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Adagio Teas
   Features  >  NY Theater Reviews

at The Duke on 42nd Street


I’ve yet to employ an emoji. Have we not long since graduated from the crude semaphore stage of communication? Casting snobbery aside, I emerged from Ken Harrison and Laura Schein’s sprightly, clever musical sorely tempted to start. I would begin by according this show four Shooting Stars, in hopes of helping to launch it toward Broadway, which could use a bit more fizz right now.
Theater doesn’t always have to rattle or enlighten. It can just plain tickle – as does every tropish gesture employed by Lesli Margherita as the reigning “Princess” of her realm. Signature moves – beyond an impressive split – include filing her claw-like fake nails with an oversize emery board and posing for selfies with that popular tongue-hanging moue that’s meant to appear erotic but always looks moronic.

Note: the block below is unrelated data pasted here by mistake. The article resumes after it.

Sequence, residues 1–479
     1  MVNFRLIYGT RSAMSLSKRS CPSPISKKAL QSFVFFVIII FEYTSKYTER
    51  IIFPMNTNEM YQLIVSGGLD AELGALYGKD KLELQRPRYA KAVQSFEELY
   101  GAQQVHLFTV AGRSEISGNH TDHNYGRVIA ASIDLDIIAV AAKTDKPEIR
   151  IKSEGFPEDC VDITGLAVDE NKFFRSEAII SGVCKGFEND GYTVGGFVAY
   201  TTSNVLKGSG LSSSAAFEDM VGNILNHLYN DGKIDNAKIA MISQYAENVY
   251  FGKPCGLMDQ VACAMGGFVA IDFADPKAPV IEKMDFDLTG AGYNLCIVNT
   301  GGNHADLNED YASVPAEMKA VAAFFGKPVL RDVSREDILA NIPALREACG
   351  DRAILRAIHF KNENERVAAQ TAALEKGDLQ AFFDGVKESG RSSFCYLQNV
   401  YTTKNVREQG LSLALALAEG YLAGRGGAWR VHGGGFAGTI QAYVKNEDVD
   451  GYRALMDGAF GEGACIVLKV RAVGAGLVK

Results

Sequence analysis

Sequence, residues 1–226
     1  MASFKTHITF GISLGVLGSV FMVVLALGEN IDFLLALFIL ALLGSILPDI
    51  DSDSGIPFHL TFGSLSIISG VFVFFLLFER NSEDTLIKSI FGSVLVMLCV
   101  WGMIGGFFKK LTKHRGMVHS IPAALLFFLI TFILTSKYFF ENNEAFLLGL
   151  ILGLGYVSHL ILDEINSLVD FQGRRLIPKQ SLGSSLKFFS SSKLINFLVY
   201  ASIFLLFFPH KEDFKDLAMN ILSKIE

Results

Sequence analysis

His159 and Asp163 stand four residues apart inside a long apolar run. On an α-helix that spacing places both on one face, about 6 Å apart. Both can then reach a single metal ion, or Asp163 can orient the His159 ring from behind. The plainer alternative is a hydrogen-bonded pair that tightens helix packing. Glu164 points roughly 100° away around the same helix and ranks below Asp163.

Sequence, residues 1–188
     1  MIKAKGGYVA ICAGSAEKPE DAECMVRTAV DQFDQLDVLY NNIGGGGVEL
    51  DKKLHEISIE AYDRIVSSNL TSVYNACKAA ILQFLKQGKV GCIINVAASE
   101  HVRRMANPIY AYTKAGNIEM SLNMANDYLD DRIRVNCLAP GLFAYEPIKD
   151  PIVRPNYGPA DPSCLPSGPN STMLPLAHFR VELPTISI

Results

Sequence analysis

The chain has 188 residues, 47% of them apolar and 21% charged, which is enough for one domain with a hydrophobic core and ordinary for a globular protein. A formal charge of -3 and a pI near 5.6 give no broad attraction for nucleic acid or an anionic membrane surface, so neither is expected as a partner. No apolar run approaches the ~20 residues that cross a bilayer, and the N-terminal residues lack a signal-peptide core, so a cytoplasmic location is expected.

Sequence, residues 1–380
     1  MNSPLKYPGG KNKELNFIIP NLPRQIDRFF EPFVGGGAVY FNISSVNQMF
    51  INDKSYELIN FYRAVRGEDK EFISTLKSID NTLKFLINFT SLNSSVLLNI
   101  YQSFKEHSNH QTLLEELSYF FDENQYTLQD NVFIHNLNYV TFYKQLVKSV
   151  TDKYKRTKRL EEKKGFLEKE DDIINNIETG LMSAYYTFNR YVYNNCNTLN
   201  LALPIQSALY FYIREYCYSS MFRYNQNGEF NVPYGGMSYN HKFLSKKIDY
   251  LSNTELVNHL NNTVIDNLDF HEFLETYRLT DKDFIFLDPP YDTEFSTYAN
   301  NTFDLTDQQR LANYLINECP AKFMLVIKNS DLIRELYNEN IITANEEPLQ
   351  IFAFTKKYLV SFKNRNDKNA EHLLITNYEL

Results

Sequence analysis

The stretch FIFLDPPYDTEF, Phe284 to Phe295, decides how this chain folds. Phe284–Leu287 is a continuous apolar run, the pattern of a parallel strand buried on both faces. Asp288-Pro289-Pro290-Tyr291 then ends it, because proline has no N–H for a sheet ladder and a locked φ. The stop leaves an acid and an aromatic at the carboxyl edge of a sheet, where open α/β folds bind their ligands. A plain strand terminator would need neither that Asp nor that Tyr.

The Princess’ reign as top-dog egomaniac is threatened by the introduction of a new set of emojis, specifically one epicene, roly-poly “Prince” (Josh Lamon). Hilarious sibling-rivalry hijinks ensue. Balancing the silliness with heart-felt emotion, “Police Officer” (Felicia Boswell) and “Construction Worker” (Natalie Weiss) celebrate their workaday but nonetheless intense romance, “Work Together.” Meanwhile, lurking about the recesses of the dazzlingly high-tech set is the ostensibly suicidal “Skull”: goth-clad Lucas Steele (Great Comet of 1812), giving full rein to a voice that wouldn’t be amiss in the Met. He’s the only one, initially, to befriend the aptly labeled “Nerd Face” (The Visit’s George Abud), a newbie clearly destined to be bully-bait.
Will Nerd Face get the girl? That would be superficially perky but secretly depressive “Smiling Face with Smiling Eyes,” nicely played by co-author Schein. The odds look good. This is a classic romcom, after all – even if it happens to revolve around mere electronic blips.


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